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Late-blooming words, walking on water, hic, hic, hic Add to ...

The last condo?

A U.S. salesman with a doomsday plan is taking money for what he promises will one day be a comfortable, nuke-proof bunker in the Mojave Desert. Robert Vicino, who runs the Del Mar, Calif.-based company Vivos, is already taking reservations for the bunker, to be located in Barstow, Calif., Associated Press reports. He says the 13,000-square-foot underground structure will include an atrium, gym and jail on the inside and sloppy joes and pearl potatoes on the menu. Half its 132 planned spaces have already been reserved. Experts say the demand for bunkers is growing because of strong earthquakes, terrorism and predictions that the world will end in 2012 when the ancient Mayan calendar ends.

Late-blooming words

In her review of There's a Word For It by Sol Steinmetz, Erin McKean of The Boston Globe writes: "And in addition to … peeks at words that eventually took off, there are plenty of words that still haven't had their moments in the spotlight - obscure coinages to describe things you didn't know there were words for. There's smaze (1953), a mixture of smoke and haze, coming nearly 50 years after the more-successful smog, which originated in London … and menticide (1951), the practice of breaking a person's will, considered as a stereotypical behaviour of totalitarian governments."

Walking on water?

"It may not be the kind of miracle found in the Bible, but three athletic young adventurers have sparked an Internet furor by claiming to have walked on water," Tony Allen-Mills writes in The Sunday Times of London. "They call it 'liquid mountaineering,' a new sport that is not only challenging the laws of gravity but is also encouraging thousands of fans to slip on watertight shoes and run as fast as possible into the nearest lake. Most get two or three steps in before collapsing in a cloud of spray. Yet Ulf Gartner and his friends Sebastian Vanderwerf and Miguel Delfortrie have produced a video claiming to show 'one of the most impossible-looking activities that anyone has ever seen.' More than two million people have viewed the YouTube video in the past fortnight."

Happy or healthy? Choose

"When people are under chronic stress, they tend to smoke, drink, use drugs and overeat to help cope with stress," Science Daily reports. "These behaviours trigger a biological cascade that helps prevent depression, but they also contribute to a host of physical problems that eventually contribute to early death." That is the claim of James S. Jackson, a sociologist at the University of Michigan, and colleagues in an article published in the May issue of American Journal of Public Health. The theory helps explain a long-time epidemiological puzzle: why African Americans have worse physical health than whites but better psychiatric health. "People engage in bad habits for functional reasons, not because of weak character or ignorance," says Mr. Jackson, director of the university's Institute for Social Research. "Over the life course, coping strategies that are effective in 'preserving' the mental health of blacks may work in concert with social, economic and environmental inequalities to produce physical health disparities in middle age and later life."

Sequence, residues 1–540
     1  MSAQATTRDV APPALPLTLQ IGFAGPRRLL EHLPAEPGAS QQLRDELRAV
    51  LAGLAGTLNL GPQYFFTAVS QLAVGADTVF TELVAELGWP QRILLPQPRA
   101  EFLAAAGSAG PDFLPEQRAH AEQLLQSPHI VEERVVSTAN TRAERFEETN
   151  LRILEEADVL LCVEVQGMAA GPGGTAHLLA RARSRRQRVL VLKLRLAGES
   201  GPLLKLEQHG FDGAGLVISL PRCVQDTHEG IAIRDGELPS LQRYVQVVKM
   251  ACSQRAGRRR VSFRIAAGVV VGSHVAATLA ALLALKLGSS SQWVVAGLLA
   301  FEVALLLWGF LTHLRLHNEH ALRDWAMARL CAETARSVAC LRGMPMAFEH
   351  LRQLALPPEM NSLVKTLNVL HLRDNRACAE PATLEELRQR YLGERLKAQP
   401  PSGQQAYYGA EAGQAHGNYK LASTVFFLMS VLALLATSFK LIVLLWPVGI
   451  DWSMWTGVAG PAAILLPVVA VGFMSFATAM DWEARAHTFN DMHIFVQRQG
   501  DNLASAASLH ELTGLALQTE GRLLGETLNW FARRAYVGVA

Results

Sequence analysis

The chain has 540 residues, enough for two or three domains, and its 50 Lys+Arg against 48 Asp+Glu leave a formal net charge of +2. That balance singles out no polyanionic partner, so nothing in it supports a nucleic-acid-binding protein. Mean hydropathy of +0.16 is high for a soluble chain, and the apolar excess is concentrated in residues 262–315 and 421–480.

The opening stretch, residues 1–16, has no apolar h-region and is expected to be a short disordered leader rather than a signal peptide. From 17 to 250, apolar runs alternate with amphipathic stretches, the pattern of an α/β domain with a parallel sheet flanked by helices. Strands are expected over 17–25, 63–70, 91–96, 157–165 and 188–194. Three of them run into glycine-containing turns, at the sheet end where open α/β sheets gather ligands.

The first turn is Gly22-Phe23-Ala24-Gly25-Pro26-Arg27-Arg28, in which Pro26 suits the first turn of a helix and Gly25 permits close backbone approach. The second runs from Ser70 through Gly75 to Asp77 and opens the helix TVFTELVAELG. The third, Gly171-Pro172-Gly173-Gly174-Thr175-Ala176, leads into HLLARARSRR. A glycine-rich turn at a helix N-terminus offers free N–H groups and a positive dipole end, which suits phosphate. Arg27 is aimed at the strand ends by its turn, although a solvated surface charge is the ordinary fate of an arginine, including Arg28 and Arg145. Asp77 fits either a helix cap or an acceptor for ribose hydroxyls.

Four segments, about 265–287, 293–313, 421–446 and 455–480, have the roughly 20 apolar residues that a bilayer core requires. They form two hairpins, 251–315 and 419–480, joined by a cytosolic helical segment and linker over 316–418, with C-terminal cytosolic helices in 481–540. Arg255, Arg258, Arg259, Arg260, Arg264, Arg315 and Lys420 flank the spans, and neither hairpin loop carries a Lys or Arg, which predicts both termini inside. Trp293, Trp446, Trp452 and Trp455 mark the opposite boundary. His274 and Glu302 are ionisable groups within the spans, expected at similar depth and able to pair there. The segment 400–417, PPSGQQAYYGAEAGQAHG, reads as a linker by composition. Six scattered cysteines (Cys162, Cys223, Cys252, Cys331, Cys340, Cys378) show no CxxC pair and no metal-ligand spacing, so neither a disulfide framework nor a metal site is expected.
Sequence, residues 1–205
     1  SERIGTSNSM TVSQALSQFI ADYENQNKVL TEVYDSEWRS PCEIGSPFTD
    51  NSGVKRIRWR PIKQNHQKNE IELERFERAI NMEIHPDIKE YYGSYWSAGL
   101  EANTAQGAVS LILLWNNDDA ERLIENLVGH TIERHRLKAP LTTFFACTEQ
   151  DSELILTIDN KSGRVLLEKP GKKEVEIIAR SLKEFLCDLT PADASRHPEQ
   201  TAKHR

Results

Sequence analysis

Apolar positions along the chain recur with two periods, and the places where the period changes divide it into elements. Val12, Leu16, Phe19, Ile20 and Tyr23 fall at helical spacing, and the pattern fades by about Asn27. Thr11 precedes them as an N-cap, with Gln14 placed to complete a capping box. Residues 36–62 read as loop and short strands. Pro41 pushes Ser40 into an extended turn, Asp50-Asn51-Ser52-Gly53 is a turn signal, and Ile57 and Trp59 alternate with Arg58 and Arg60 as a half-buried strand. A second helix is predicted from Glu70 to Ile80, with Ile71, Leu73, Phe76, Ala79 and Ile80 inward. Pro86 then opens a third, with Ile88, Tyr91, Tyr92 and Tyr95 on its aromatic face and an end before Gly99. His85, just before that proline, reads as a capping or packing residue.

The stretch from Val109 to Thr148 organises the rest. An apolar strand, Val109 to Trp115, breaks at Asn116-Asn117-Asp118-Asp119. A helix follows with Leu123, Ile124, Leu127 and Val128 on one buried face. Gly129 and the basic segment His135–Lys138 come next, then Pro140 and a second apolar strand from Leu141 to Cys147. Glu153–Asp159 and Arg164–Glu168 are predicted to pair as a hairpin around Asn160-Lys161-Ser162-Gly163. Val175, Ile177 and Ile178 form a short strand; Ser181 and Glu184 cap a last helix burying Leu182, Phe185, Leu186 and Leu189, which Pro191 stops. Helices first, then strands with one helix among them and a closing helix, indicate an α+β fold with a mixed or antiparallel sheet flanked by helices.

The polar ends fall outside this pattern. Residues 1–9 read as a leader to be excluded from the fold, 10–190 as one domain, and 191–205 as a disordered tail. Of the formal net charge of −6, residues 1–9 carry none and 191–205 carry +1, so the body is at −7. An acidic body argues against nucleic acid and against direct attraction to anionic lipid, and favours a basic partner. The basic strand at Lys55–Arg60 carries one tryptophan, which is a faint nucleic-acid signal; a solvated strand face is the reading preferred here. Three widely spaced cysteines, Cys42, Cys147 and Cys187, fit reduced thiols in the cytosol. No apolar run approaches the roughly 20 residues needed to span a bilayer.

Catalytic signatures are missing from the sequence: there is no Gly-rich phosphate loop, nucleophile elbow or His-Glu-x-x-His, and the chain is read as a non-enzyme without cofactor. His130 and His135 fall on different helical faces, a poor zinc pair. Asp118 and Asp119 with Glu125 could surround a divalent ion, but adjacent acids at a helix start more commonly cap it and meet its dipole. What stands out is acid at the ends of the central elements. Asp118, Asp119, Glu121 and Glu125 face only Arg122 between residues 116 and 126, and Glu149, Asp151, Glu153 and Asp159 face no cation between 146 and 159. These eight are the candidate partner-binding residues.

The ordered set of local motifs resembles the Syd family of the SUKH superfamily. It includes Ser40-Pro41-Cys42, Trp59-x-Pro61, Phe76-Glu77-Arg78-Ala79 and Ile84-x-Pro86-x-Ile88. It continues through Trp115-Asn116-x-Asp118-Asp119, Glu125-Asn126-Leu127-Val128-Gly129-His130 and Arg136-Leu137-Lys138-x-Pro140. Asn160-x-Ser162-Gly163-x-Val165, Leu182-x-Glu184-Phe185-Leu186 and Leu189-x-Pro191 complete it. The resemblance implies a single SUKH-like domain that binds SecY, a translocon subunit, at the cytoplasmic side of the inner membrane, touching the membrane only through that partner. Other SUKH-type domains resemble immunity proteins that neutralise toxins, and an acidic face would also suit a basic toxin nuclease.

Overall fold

Hic, hic, hic

"Lots of species, other than humans, get hiccups" Susan Blackmore of the University of Plymouth reports in BBC Focus magazine. "… This annoying experience happens when something irritates the diaphragm into a sudden contraction, pushing air up into the lungs so quickly that the epiglottis in the throat shuts. Almost any animal with this kind of breathing system can suffer the same result, including all mammals. Kittens often get hiccups, although they don't make much noise, while adult cats and dogs sometimes do if they eat too fast. Horses get loud hiccups and all sorts of animals have been filmed hiccupping including squirrels, otters and even a porcupine."

Reviews are panned

Worker satisfaction in the United States appears to be at an all-time low, Tara Parker-Pope writes for The New York Times. "The Conference Board reported that just 45 per cent of workers are satisfied with their jobs, down from 61 per cent in 1987. … Employees are unhappy about the design of their jobs, the health of their organizations and the quality of their managers." Samuel Culbert, a clinical psychologist who teaches at UCLA's Anderson School of Management, says too many people work in a "toxic" environment, and the title of his new book throws a spotlight on one of the culprits: Get Rid of the Performance Review! Annual reviews not only create a high level of stress for workers, he argues, but end up making everybody - bosses and subordinates - less effective at their jobs. He says reviews are so subjective - so dependent on the worker's relationship with the boss - as to be meaningless. He says he has heard from countless workers who say their work life was ruined by an unfair review.

Thought du jour

"A clever person solves a problem. A wise person avoids it."

- Albert Einstein

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